Lately I have been looking at Psalm 19 so it was fresh on my mind. I am not normally a big nature guy but I have been trying to be more observant to the beautiful handiwork of my God. I realize the things of nature shout out that our God is big, beautiful, and creative. Nature shows God's glory and he should be worshipped because of it. That is what the Psalmist is communicating in the first section of Psalm 19. Verse one is not the only verse in the chapter talking about God's revelation of himself through creation. "Day to day pours out speech, and night to night reveals knowledge...Their voice goes out through all the earth, and their words to the end of the world. In them he has set a tent for the sun, which comes out like a bridegroom leaving his chamber, and like a strong man, runs its course with joy. Its rising is from the end of the heavens... and there is nothing hidden from its heat" (2-6). All people have seen his creation therefore all of us know God exist. "For what can be known about God is plain to them, because God has shown it to them. For his invisible attributes, namely, his eternal power and divine nature, have been clearly perceived, ever since the creation of the world, in the things that have been made. So they are without excuse" (Rom. 1:19-20). The Psalmist along with Paul is telling us that creation screams God exists! His general revelation about himself through creation is a grace to all.
But the Psalmist doesn't stop with simply God's general relevation but proceeds to speak about God's special revelation in the Scriptures. He uses terms like "The law of the LORD", "the testimony of the LORD", "the precepts of the LORD", "the commandment of the LORD" and "the rules of the LORD" to describe God's word to us. Many times when we read words like "law", "commandment" or "rules" they come across in a negative connotation. But we must remember of few things about God's intentions. Remember in Genesis 1-2 when God spoke everything into existance he then said "It is good. It is very good." Adam and Eve and creation were glorious. No flaws, no groanings because there was no sin. God also knew what would be the greatest detriment to all mankind so he gave Adam and Eve one command or law or rule: You may eat from anywhere in the garden except the tree of the knowledge of good and evil. The reason: If you eat of that tree you will die. Pretty simple and straightforward. God gave a command for the good of Adam and Eve not as a restriction to their joy. The restriction of their joy came when, in Genesis 3, they disobeyed God and sinned against him. Spiritual death and broken fellowship with God was now the curse passed down to the rest of humanity. When the Psalmist uses these terms to describe God's word we shouldn't have a mind that drifts toward restriction but freedom.
Notice the freedom statements that follow the descriptions of God's word: "reviving the soul", "making wise the simple", "rejoicing the heart", "enlightening the eyes" and "enduring forever." Such a drag. Not really. Reviving, wisdom, rejoicing, enlightening and enduring are words that sound so good they almost seem unrealistic. Maybe I could use the word supernatural. This is what God's word does for us through the Holy Spirit. God's word is for our greatest joy not a ball and chain. I get the argument from the world's perspective because God's word is restricting them from what they love the most: sin. But as followers of Christ we need to wake up to the reality that God is for our greatest good not a life of boredom. He has revealed himself through his word in order for us to know the One for whom we were created to worship and find joy. In verse 10 the Psalmist gives us a greater taste when he says, "More to be desired are [God's rules] than gold, even much fine gold." Gold is a precious, valuable commodity in our world yet the Psalmist says God's rules are greater than gold. His commands are better than a great career, grades, sports, sex, money, comfort and you fill in the blank with whatever may be keeping you from obeying Christ and his commands.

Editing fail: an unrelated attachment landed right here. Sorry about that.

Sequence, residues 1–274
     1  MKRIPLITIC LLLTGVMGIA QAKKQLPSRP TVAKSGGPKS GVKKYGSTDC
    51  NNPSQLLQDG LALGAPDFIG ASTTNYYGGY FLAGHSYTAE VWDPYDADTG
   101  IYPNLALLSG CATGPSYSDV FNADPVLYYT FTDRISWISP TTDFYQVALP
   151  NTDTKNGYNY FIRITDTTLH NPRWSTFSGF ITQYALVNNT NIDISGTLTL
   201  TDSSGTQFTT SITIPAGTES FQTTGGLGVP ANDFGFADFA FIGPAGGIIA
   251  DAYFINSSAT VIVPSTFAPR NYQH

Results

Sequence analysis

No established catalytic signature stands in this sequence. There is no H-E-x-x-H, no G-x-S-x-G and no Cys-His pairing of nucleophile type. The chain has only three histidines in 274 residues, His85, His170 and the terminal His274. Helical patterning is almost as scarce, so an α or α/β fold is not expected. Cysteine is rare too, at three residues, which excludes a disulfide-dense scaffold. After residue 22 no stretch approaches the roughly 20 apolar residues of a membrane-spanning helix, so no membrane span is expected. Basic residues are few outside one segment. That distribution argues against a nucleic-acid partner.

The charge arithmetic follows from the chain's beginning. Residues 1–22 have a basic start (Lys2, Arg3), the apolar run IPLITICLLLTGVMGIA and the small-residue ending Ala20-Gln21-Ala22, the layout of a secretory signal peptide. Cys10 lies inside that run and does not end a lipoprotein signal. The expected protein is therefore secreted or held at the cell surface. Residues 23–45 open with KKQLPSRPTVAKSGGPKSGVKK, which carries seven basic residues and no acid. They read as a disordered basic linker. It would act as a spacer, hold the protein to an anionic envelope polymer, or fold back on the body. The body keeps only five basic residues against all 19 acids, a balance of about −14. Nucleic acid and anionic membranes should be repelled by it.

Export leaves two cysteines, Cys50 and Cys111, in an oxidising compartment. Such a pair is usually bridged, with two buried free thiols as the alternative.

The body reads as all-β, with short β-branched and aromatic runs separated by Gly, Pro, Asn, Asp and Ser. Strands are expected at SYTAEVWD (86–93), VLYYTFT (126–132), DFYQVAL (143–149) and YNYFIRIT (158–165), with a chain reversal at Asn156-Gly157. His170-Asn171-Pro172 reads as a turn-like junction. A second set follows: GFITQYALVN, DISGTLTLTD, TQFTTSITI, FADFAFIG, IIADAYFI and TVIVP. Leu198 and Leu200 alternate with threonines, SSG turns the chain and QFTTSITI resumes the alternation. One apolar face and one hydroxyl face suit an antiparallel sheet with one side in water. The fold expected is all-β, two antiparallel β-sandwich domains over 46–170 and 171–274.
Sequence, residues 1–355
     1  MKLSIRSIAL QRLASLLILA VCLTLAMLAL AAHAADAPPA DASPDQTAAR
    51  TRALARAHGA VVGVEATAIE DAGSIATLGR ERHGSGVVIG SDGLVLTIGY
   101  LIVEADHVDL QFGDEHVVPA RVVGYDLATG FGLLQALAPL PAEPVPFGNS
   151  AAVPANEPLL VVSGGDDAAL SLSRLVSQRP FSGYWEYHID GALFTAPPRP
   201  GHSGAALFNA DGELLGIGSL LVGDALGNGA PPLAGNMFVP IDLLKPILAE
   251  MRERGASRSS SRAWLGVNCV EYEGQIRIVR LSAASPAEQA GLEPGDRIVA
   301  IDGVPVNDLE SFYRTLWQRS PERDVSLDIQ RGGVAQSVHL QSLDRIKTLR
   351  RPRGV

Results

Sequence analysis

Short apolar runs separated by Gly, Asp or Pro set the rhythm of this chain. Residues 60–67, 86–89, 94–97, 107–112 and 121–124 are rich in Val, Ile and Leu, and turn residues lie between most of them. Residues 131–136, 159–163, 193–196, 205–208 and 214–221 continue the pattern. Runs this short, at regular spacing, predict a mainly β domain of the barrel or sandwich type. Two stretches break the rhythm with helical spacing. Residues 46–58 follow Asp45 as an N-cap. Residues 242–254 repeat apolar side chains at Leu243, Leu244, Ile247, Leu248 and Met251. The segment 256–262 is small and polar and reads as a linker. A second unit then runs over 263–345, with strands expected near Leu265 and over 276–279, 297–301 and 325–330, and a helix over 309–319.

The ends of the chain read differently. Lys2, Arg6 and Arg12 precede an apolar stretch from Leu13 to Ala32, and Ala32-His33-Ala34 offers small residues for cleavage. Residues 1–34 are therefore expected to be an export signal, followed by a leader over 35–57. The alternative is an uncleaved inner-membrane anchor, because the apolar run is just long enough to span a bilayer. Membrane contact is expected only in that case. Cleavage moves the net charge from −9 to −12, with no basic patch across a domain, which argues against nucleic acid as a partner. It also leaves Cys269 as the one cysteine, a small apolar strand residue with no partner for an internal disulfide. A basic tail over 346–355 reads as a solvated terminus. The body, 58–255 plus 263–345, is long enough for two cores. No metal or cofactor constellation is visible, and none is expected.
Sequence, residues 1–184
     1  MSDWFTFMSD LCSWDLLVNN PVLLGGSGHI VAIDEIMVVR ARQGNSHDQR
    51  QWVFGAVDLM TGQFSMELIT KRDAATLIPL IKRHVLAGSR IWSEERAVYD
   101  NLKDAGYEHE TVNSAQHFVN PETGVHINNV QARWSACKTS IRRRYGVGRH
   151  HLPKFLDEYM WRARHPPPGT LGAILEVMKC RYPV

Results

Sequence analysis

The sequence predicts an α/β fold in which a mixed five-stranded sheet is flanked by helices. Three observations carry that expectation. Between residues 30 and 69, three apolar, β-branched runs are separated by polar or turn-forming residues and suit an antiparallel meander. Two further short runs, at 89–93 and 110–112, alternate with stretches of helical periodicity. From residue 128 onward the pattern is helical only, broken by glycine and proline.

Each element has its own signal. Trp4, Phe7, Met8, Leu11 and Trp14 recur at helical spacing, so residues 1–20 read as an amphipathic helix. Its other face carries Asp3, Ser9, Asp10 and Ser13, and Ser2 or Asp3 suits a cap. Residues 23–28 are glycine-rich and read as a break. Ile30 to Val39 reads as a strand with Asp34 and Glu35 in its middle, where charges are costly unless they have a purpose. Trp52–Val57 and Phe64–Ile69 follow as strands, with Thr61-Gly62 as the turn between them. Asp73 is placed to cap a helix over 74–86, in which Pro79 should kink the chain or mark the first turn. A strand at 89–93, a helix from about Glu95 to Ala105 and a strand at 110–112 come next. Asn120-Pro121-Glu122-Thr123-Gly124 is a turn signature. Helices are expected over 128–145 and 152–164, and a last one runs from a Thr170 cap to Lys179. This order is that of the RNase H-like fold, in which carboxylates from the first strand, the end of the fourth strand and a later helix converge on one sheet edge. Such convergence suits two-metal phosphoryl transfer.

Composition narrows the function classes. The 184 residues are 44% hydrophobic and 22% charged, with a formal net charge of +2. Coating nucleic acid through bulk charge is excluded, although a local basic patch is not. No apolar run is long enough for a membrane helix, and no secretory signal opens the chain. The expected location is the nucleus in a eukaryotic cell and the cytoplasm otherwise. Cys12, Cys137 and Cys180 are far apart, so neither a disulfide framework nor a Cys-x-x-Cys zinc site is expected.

The Psalmist then gives us two motivations for obedience to God's commands:
Notice verse 11, "Moreover, by them is your servant warned; in keeping them there is great reward." God is so kind to us that he gives us his commands to warn us. He wants what is best for us. As our Creater he knows what we will enjoy but also what will ruin us. His commands are those warning signs telling us, "Don't do it because I love you and know this will be for your destruction." Heed his warnings.
He also promises a reward for keeping his commands. Rewards are a good thing. Maybe as a kid you were rewarded with an allowance for doing the things you were told to do. You weren't earning your parents favor or love. Rather they were teaching about life and how to be someone who should contribute in a positive manner in society through responsibilities in the house. In keeping God's commands we are not earning his favor. His favor is given through trusting in Christ's finished work on the cross. Rather, in keeping his commands, he is giving us greater glimpses of his goodness. The reward is seeing more of God and his goodness!
General revelation and special revelation give us a picture of our great God. May we aim to please him in all we do. May we pray with the Psalmist, "Keep back your servant also from preumptuous sins; let them not have dominion over me! Then I shall be blameless, and innocent of great transgression. Let the words of my mouth and the meditation of my heart be acceptable in your sight, O LORD, my rock and my redeemer" (Ps. 19:13-14).
Grace upon grace,